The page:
EVOLUTION of automobile radiators is recounted step by step from the primitive water-pipe types to those in use today. Pertinent heat-transfer principles are given to show cause for various changes. The effects of larger engines, higher speeds, quieter operation, are discussed fully.
Poor water-jacket design is blamed for a multitude of cooling-system troubles, such as warped valves, valve seats, and cylinder bores, and it is believed that these troubles could be eliminated largely on the drawing board by the water-jacket designer.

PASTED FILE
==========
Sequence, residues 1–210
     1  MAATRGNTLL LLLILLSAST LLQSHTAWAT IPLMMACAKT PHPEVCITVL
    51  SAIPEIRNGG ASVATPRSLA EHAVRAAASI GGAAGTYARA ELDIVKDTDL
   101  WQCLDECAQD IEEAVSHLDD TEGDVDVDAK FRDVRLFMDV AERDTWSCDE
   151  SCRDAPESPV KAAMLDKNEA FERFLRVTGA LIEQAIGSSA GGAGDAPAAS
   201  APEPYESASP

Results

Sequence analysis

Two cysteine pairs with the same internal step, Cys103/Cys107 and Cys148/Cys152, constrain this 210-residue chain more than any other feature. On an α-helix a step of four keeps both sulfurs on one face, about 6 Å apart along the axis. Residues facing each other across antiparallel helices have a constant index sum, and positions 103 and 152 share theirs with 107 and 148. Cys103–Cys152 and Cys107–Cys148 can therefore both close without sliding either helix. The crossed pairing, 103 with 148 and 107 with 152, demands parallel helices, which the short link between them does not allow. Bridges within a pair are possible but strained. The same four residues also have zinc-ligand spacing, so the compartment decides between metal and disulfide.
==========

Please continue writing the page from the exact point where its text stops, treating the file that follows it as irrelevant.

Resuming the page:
A special test apparatus, called a “dissipator” and built expressly for testing radiators, is described. Considerable space is devoted to test procedure and discussion of test results on hexagon-core, fin-and-tube core, double-center core, and a new vee-type radiator for different depths, air speeds, and frontal areas. In addition, tests made on a full-sized wind tunnel are discussed and interpreted.
Comparisons of water-to-water and oil-to-water methods of dissipating heat are made for both turbulent and non-turbulent types of flow.